If you have never used Google Tag Manager you are in for one big surprise. By adding a small snippet of code to your WordPress installation, you can save yourself time and headaches by removing a whole bunch of unnecessary plugins from your site.

What is Google Tag Manager?

Google Tag Manager is a free tool that Google designed that allows you to insert and manage all sorts of code snippets into your website without having to tear apart and rewrite half your site.

Google made this tool in order to easily add all sorts of tracking codes to your site, but they did not limit it to Google products.

With Google Tag Manager, you can easily add tracking codes from Facebook, Google AdWords, Google Analytics, Mautic, and more.

The great thing is that you can easily manage all of your tags from one central location without ever having to touch your WordPress installation.

By adding Google Tag Manager you can also remove a lot of plugins that become unnecessary. This not only saves you time, it also removes possible conflicts and if you are paying for some of these, you can also save money.

OK, so how do I get started?

Start by creating an account for Google Tag Manager, click here.

If you have a Google Analytics account, you will want to use the same account for Google Tag Manager so you can easily associate them.

Give your account a relevant name.

Google Tag Manager

Next, you need to add a container, in this case, it will be your website. Give the container a name and select under “Where to use container” “Web”. Click Create.

Google Tag Manager

Now that you have a functioning container let’s set up a simple tag. For this example, I will assume that you have a Google Analytics account already set up.

Go ahead and select “New Tag”.

Google Tag Manager

Now give your tag a relevant name like “My Google Analytics” and click on the “Choose a tag type to begin setup…”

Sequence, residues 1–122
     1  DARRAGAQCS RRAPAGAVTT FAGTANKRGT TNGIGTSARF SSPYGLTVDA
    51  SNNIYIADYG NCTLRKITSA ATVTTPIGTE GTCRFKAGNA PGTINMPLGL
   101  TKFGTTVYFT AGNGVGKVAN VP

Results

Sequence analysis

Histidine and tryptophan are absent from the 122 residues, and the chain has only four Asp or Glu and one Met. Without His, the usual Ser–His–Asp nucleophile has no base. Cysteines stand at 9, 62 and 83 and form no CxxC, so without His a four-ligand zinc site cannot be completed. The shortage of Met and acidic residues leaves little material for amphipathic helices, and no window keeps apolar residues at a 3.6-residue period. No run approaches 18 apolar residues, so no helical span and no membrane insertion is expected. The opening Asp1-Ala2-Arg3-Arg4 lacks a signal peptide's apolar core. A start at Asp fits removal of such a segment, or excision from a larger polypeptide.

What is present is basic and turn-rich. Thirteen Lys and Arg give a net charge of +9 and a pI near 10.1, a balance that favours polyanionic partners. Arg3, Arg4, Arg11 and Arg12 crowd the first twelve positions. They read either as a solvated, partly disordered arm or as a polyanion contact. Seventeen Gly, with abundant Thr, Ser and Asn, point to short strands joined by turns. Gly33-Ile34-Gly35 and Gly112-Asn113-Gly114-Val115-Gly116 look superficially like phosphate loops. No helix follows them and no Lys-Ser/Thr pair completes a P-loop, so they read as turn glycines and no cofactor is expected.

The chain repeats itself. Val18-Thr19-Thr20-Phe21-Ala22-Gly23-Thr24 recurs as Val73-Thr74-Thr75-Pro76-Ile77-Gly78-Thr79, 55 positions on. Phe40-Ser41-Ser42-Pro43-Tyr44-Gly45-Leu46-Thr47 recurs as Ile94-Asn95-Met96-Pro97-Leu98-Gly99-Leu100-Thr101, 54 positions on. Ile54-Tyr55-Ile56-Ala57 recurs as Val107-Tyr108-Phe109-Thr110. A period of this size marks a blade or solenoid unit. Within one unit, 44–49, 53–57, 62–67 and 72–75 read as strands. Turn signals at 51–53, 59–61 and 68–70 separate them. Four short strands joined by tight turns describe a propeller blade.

Google Tag Manager

In the new pop-up select the first option “Google Analytics – Universal Analytics”

Choose Tag Type

In the new screen make sure that under “Track Type” “Page View” is selected. Next select under “Google Analytics Settings” select “New Variable…”.

You should now have a screen where to put in Analytics ID. Put it in and save everything.

Analytics Tag

Now we need to add a trigger. A trigger is what makes this tag go and do its thing. In our case since we are tracking our website so we want the trigger to go off on all “Page View”.

Tag Trigger

Save everything and make sure to click submit on the upper right-hand corner for your tag to take effect. If you do not publish the container, the new tag will not work.

In your upper right-hand corner you should see your Tag Manager ID, click on it and the code that we need will pop up in a window. Leave this tab open in your browser, you will need to copy this code.

Tag Manager Code

Now let’s add the code to WordPress

Open your WordPress install and add the following plugin: Insert Headers and Plugins

Activate your plugin and go to the configuration screen. This is where you will add the code from Google Tag Manager. You will only use the top code, the bottom code is an iframe snippet that acts as a failsafe/fallback should a users’ JavaScript be disabled.

The second code is not all that necessary and not that easy to place into WordPress, so don’t worry too much about missing data from people that have disabled their JavaScript.

Let’s test this out!

Open up your Chrome browser and head over to the Chrome Web Store. Search for “Tag Assistant” (by Google) and add it to your browser.

Now go to your WordPress site, flush your cache if you have one installed, log out, and go to your website.

Open the Tag Assistant extension (you should have an icon for it in your browser) and click Enable.

Tag-Assistant

Refresh your browser. If everything is installed correctly you should see your Google Analytics Tag in the popup window when you click on the extension.

What else can you do with Google Tag Manager?

For starters, you can now add in very easily other tracking codes like Facebook Pixel, in fact, you can add several Facebook tracking pixels to the same page.

You can also track outbound links, add Mautic tracking code, put in campaign specific tracking, the possibilities are endless, and all this can be done without opening your WordPress installation to write in custom code.

Google tag manager allows you add, remove or pause different tags without having to use third-party plugins that might break your WordPress installation due to lack of updates or incompatibility your theme.

So go and add this in today.

 

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